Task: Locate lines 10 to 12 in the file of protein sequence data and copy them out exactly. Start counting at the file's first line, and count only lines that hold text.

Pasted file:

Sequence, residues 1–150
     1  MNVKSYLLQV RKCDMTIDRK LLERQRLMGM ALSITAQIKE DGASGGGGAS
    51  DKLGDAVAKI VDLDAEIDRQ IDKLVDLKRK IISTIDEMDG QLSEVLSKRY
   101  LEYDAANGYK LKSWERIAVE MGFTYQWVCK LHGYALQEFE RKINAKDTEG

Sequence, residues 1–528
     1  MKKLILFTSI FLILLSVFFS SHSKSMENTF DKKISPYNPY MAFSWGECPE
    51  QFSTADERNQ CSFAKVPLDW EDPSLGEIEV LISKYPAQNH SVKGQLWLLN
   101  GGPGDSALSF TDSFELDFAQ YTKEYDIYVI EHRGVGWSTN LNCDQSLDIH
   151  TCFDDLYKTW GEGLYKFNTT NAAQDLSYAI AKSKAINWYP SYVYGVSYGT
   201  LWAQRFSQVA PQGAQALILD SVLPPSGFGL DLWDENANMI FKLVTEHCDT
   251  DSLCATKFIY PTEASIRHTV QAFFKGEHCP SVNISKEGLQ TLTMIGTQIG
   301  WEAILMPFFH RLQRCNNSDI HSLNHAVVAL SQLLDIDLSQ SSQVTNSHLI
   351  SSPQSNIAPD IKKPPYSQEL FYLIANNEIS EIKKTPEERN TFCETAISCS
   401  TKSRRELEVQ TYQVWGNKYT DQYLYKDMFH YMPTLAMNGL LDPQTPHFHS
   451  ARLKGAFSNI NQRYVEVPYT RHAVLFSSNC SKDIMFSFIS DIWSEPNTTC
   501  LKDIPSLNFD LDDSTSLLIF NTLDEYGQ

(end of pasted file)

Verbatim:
   201  LWAQRFSQVA PQGAQALILD SVLPPSGFGL DLWDENANMI FKLVTEHCDT
   251  DSLCATKFIY PTEASIRHTV QAFFKGEHCP SVNISKEGLQ TLTMIGTQIG
   301  WEAILMPFFH RLQRCNNSDI HSLNHAVVAL SQLLDIDLSQ SSQVTNSHLI